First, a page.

“The second phase would be where their productivity is growing, and they’re less impactful on our overall expenses, although we continue to invest in significant training to build their skills, including hands-on training, which is relatively expensive to deliver.

“In the third phase, they’re generally producing and likely accretive to margin in most cases,” he said. As graduates, “they’re not producing at the level of a seasoned technician, [but] they’re producing at levels that are very acceptable and we continue to work with them to build their skills in the months after they graduate.”

More OE parts

Beyond labor rates, Boyd has seen price inflation on parts and paint materials, O’Day said. Some of that is related to repair complexity and the increasing reliance on OEM parts supplies.

He noted that most vehicles produced over the past several years have some advanced driver assistance system (ADAS) features and that that trend “is going to continue to grow.” That affects both the number of parts needed to make a repair, and the number of hours of repair work needed.

“There has been an increase in the OE part mix, relative to the aftermarket part mix. Some of that is aftermarket part availability. Some of it is increased repair complexity. And the higher and more complex repairs tend to have fewer, if any, aftermarket options. So, we’re seeing an increase in the OE part mix as a percentage of the total part mix, and that may well continue,” O’Day said.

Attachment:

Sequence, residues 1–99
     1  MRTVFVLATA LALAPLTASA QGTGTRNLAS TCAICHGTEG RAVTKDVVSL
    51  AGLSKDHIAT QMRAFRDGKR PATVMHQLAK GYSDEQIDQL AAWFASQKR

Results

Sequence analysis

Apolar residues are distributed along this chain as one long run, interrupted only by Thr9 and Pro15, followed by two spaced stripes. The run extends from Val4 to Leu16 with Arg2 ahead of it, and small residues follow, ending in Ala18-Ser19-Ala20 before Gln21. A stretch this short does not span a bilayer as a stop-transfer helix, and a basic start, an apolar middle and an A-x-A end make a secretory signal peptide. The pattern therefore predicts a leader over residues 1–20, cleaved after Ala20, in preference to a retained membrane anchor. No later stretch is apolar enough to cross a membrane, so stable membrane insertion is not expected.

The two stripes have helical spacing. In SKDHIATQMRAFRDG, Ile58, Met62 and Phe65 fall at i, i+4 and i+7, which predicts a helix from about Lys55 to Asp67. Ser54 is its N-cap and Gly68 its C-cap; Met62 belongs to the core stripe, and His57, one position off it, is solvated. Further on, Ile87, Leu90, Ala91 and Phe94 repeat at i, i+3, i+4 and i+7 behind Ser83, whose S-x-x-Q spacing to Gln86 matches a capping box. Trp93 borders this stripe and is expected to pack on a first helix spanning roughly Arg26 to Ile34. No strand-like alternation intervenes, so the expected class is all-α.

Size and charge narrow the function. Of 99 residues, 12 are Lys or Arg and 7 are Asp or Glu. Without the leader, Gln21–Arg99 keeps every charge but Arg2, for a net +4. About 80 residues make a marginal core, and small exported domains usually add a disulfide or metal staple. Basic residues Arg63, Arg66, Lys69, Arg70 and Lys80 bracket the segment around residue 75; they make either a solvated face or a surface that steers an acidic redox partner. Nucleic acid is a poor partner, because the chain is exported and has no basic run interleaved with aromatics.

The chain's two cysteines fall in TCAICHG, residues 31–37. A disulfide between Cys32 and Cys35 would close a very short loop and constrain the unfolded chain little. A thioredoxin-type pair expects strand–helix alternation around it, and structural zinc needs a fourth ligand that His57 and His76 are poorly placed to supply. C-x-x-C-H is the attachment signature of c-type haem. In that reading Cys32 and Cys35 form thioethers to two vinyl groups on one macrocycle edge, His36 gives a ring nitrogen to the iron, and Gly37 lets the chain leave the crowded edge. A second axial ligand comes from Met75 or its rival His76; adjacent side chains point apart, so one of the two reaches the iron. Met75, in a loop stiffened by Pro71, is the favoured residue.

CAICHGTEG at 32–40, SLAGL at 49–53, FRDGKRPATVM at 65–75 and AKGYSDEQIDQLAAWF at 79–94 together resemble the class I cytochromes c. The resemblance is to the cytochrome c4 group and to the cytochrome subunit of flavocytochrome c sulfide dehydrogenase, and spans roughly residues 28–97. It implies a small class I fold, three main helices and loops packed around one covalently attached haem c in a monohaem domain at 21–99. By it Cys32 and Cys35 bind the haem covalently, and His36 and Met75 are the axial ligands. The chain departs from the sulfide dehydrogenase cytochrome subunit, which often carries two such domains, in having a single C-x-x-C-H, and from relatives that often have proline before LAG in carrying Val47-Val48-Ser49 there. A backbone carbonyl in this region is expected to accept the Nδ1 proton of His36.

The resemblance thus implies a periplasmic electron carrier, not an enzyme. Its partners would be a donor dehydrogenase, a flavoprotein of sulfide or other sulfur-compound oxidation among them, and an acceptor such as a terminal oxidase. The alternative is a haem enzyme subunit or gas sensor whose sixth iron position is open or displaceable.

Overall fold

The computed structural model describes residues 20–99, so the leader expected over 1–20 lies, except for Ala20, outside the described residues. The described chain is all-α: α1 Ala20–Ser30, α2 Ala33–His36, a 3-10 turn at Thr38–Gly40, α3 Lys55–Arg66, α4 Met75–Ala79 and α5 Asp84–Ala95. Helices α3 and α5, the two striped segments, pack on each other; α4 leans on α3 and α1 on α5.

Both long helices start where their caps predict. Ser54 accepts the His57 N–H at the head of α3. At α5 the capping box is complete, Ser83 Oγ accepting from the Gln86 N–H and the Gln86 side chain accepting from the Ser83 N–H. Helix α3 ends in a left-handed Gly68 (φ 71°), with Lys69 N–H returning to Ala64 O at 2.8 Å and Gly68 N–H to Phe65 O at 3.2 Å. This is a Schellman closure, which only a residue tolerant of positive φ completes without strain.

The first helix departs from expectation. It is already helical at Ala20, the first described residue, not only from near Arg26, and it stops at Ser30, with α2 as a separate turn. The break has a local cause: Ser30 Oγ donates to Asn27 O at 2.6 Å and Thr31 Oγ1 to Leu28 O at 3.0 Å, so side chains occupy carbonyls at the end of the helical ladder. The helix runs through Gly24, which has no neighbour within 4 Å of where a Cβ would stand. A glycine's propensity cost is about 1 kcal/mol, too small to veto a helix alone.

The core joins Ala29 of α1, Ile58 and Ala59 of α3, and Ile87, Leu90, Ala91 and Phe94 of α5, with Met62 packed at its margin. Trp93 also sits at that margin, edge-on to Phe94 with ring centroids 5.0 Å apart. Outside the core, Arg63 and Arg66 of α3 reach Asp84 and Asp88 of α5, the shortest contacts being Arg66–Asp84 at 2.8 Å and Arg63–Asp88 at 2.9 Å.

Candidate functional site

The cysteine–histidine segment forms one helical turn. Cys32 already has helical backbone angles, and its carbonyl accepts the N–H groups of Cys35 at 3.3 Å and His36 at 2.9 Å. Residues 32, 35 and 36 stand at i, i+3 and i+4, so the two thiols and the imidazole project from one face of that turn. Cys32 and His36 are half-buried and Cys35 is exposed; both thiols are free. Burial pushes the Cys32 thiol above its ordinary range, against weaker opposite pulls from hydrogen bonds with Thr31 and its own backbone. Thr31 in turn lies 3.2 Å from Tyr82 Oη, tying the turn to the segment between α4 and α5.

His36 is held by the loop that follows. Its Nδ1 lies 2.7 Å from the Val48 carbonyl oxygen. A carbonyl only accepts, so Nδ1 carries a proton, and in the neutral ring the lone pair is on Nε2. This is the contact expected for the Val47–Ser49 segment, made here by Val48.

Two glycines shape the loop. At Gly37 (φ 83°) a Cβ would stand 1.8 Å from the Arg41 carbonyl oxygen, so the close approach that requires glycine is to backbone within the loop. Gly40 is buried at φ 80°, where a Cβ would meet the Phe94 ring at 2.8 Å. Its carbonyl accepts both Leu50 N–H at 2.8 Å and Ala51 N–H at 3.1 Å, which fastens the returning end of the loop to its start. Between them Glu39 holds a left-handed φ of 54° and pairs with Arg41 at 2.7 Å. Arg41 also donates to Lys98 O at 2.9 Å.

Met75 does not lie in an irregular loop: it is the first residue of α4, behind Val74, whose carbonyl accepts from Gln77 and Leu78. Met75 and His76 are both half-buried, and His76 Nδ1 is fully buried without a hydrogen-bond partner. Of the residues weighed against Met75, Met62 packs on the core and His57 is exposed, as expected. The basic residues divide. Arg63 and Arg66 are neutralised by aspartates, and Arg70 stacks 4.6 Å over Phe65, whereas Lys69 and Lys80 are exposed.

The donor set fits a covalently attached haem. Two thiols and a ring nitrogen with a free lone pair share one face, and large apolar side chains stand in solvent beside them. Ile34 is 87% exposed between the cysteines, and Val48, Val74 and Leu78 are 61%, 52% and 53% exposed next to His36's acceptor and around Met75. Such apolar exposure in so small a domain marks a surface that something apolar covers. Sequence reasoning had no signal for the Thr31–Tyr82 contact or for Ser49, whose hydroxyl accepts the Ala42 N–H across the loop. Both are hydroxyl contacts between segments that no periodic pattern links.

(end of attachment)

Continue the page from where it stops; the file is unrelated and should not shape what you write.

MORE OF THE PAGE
Scanning, calibration

As vehicles become more complex, Boyd sees a “significant opportunity” in scanning and calibration, and is trying to keep as much of that work as possible in its own shops, the CEO said.

He said Gerber conducts a pre- and post-scan on “virtually every vehicle,” and that calibration services are frequently also required. “As the car parc matures and more ADAS comes into the car parc, that segment of our revenue will continue to grow,” he said.

In the second quarter of 2021, Boyd acquired a mobile scanning and calibration business. “Many of these calibrations are complex, and it requires different technical skills. So, we’ve made an investment in that company and we continue to grow that company to make sure that we’re able to capture as much of that service work internally,” O’Day said. He said Boyd has opportunity to “expand that company across our network. It’s not easy and it’s not quick, but there’s absolutely a very good opportunity there for us.”

In response to a question, Narendra “Pat” Pathipati, executive vice president and CFO, said Boyd has not publicly stated the size of the market, “but it’s a significant opportunity and the margins are excellent for providing scanning and calibration.”

Boyd’s strategy for handling ADAS technology, and electric vehicle (EV) technology as well, will be a “hub and spoke network,” in which vehicles will be moved “to where they can be properly fixed. And as a multi-shop operator with good density in the markets in which we operate, we will have the ability to better leverage our investments and service really all repairs, versus having to specialize in a segment of the market.”

Boyd operates 865 locations in North America, including 730 Gerber Collision and Glass locations in the U.S., and 135 Body Autobody and Glass and Assured Collision locations in Canada. The total includes 28 new locations added in the first nine months of 2022.


Featured image: A Gerber Collision shop in Manistee, Michigan. (Repairer Driven News)